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In response to today’s ruling by the US Supreme Court regarding the constitutionality of the Affordable Care Act, I am posting the same blog on both my medical/health website: themedicalmysterytour.com and my political website: progressiveviewfromthemiddle.com. Today’s ruling encompasses components of … Continue reading
When Terry met with his endocrinologist earlier this month she ordered a sonogram to look at his throat where the thyroid was located before it was removed due to thyroid cancer two years ago. We really felt it was just a routine follow up that was not unexpected due to the passing time frame. What wasn’t routine or expected was the news we received as a result.
At the time of the thyroid cancer in early 2010, the mass that was discovered on his left adrenal gland was eventually diagnosed as a pheochromocytoma. This pheo is typically diagnosed in conjunction with high blood pressure, which as a cardiac patient with significantly damaged heart tissue, Terry does not have. He does have a history of a pheo now, so I suspect they will monitor that in his future. It turns out they’re monitoring it now, and the lab specimen came back with an abnormal reading. She wants him to do the 24 hour urine collection specimen again, which is much more reliable as an indicator. I hope she is coordinating that with the doctors he will see in May for the bladder cancer.
Even more unexpected, and the real sucker punch to the news was that they discovered a nodule on his lymph nodes when they did a sonogram of his throat. That cancer had not been a fast growing cancer, and had not been present in the lymph nodes when the thyroid was removed. Now that he’s had the subsequent diagnosis of bladder cancer I don’t suppose we can assume it’s thyroid cancer, if it turns out to be another malignancy. We don’t know anything for sure at this point, but we’re both pretty sure there shouldn’t be anything there.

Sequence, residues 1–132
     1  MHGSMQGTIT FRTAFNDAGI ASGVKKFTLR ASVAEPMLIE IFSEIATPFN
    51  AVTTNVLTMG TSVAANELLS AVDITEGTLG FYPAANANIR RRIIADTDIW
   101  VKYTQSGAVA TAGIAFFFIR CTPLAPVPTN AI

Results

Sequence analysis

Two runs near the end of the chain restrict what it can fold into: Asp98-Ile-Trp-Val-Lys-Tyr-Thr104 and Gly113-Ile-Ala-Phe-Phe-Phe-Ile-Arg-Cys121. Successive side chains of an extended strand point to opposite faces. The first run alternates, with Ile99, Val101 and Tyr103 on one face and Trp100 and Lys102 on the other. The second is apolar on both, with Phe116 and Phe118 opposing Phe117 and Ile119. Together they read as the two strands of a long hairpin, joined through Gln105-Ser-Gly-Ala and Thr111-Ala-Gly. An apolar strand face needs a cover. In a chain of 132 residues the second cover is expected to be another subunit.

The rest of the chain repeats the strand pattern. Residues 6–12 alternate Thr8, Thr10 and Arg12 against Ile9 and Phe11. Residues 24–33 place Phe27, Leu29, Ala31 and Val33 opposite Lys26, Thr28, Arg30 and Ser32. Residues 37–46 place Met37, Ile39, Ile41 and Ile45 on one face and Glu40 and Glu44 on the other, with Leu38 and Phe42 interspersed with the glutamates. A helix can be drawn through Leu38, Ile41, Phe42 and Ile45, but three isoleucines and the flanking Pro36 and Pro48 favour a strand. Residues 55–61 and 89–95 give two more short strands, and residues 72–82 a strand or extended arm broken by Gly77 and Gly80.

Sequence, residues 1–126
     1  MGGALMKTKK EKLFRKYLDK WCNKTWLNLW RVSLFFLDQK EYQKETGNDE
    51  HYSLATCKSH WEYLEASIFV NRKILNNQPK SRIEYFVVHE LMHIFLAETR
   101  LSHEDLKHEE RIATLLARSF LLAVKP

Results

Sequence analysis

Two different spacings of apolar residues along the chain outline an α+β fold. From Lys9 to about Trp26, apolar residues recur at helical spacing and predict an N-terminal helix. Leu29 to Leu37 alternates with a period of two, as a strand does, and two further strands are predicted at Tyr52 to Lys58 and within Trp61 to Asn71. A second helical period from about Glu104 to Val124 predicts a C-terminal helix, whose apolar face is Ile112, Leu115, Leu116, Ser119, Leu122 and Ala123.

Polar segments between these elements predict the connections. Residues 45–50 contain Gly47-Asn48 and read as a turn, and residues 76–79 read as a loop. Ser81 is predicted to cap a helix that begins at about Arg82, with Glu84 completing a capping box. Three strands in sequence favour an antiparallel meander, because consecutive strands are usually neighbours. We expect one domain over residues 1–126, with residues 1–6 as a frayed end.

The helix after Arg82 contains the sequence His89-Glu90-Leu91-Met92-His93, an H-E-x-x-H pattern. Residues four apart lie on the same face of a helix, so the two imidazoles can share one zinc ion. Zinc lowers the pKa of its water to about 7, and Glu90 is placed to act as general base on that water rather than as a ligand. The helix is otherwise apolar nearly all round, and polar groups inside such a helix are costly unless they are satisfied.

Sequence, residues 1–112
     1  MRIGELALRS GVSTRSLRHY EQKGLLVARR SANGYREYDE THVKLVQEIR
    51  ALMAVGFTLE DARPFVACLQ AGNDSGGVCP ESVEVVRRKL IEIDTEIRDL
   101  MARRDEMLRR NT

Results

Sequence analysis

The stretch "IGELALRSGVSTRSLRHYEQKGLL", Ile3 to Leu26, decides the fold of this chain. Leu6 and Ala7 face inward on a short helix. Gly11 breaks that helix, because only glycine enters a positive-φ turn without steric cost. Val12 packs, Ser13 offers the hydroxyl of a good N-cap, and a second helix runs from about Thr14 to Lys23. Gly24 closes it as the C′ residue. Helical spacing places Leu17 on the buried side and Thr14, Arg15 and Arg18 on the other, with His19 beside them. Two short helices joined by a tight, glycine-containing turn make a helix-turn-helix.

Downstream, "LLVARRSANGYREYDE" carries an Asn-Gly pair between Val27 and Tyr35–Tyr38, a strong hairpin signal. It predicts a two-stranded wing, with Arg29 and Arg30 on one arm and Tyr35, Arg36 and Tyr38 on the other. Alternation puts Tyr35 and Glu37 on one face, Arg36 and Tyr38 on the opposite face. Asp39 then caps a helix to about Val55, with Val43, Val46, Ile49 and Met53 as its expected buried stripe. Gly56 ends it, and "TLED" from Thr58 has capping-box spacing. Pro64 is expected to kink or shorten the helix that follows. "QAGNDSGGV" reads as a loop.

On May 11 he has an x-ray, a scan, labs, and two doctor appointments. I’ll contact the endocrinologist’s office this week to see if there’s anything that can be coordinated with them that can be done at that time. We won’t know anything for sure about anything until well after that, so it will be another waiting game. Those are never any fun, and when you weren’t expecting to play the game to begin with, it seems even longer than it is.
Terry’s expression when I conveyed the information from the phone call said he was not happy with the news. I worry about him if this is the new trend for us…if he can’t get ahead with one medical issue before a repeat medical issue starts demanding attention again, it’s going to be an even tougher battle. I’m trying not to get ahead of the situation, but we were not anticipating the potential for bad news. We realize and acknowledge that he will have to go through lots of diagnostic testing in the future to ensure nothing bad is making a comeback, but given the type of thyroid cancer it was we didn’t expect a recurrence. And we don’t know that it is. We just know how it should be. It should be nodule free. We’ll soon see.
As Terry moves closer to the two month post surgery date from his surgery for bladder cancer, he is going to start making the rounds of the other “gists” who treat him. He begins with the endocrinologist tomorrow, and then visits the cardiologist two days after that. It should be interesting to hear their take on what’s transpired with him since he last saw each of them.